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Google seeks to be one-stop app, embedding ordering capabilityBy
The newest update for Google Maps may bring a significant boon to small restaurants and mobile ordering consumers through the inclusion of a “place an order” button in the application, letting users order food from a restaurant directly through the navigation application.
If a restaurant is compatible with a third-party food ordering app, such as GrubHub or Seamless, users can place an order from the restaurant’s page on Google Maps. The new feature could be a boon to small businesses who cannot afford to build their own mobile apps.
“Tapping third-party online ordering systems and apps is a smart strategy for both big and small restaurant chains,” said David Naumann, vice president at Boston Retail Partners. “Once a restaurant is set-up with one of the major online delivery services like GrubHub or EatStreet, the online ordering feature will be an easy addition to their Google My Business profile.”
A fighting chance
When Google Maps users who have updated the app to the latest version tap on a local restaurant, they may see a new option on its Google page in addition to the standard buttons such as menu and Web site.
Now, there will be a new option labeled “Place an order.”
Tapping this allows consumers to make delivery order through a third-party delivery app such as GrubHub or EatStreet without leaving Google Maps.
This feature’s availability is limited by geography – some users may see it while others will not.
The new feature represents further integration between Google’s proprietary apps and more specified third-party apps, such as the feature that lets users call an Uber from Google Maps.
Allowing consumers to place an order through Google Maps also provides a huge boost to small businesses, which miss out on the fertile world of mobile marketing and mobile ordering by virtue of not having their own mobile resources to work with.
“The new ‘Place an order’ option in the business details on Google Maps is an enormous benefit to smaller restaurants that can’t afford to develop their own custom app for mobile ordering,” Mr. Naumann said. “The time and expense to develop a mobile app can be overwhelming for small business and turn-key apps or features from third-party companies like Google help them compete more effectively with larger chains.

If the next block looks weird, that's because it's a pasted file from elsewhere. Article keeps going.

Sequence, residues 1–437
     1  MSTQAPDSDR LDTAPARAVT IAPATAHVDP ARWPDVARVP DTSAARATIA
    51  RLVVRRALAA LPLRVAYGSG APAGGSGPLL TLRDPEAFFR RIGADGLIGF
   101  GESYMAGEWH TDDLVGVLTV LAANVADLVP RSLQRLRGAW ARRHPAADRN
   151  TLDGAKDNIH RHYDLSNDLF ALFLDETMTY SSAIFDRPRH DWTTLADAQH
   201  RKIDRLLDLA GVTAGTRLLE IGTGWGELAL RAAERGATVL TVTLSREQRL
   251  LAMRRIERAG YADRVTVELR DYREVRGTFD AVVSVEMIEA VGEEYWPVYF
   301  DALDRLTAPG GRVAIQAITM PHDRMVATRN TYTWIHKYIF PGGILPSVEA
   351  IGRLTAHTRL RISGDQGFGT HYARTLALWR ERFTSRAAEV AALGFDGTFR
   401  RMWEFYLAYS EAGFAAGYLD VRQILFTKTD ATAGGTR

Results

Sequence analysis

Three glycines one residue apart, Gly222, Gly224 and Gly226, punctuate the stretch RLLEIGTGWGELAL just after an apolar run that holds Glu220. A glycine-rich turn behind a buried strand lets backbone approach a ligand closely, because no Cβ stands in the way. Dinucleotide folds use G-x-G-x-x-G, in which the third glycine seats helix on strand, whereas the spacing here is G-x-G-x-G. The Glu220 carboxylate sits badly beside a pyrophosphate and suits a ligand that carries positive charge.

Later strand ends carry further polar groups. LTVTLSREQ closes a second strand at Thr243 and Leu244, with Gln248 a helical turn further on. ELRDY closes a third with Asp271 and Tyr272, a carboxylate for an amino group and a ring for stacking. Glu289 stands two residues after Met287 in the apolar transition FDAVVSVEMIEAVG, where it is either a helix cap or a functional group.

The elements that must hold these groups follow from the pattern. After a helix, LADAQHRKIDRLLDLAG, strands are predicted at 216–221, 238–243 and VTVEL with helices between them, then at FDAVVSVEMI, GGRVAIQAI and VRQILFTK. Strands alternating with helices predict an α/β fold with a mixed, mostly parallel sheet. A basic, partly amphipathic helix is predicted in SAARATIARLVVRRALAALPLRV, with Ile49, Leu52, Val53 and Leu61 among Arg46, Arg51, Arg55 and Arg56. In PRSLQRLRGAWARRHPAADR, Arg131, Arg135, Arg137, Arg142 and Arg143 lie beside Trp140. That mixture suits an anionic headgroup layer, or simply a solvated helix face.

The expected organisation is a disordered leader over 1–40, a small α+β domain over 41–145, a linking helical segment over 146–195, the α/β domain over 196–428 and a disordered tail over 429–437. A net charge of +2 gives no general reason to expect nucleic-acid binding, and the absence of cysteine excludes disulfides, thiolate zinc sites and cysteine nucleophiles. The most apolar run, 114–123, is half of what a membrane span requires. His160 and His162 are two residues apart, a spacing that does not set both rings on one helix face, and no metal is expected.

“Google maps – with relevant information and quick links to store hours, location, website and now online ordering – is a great way to increase the exposure and visibility of all businesses, regardless of size.”
As mobile ordering continues to grow as a channel for purchasing food, more and more brands are developing their own apps, adding mobile payments and ordering to their social channels and even debuting chatbots that allow consumers to order through them, such as the one created by Domino’s (see story).
But while big brand such as Domino’s have the money to afford to bring their mobile ordering capabilities to as many places as possible, smaller restaurants are often left in the dust without a way to reliably get their mobile delivery service in front of as many consumers as they can.
Having the ability to sell delivery orders directly through an app as popular and ubiquitous as Google Maps means that smaller restaurants without big mobile budgets have another way to compete.
“Takeout and delivery is more than $200 billion worth of food in the U.S. and $11 billion of which is from online delivery, according to Morgan Stanley Research,” said Naumann. “Online ordering has become an expected feature for customers and restaurant operators need to offer this added convenience.
“It is also imperative that this feature is mobile friendly, as most Internet usages is now navigated on a smartphone or table.”
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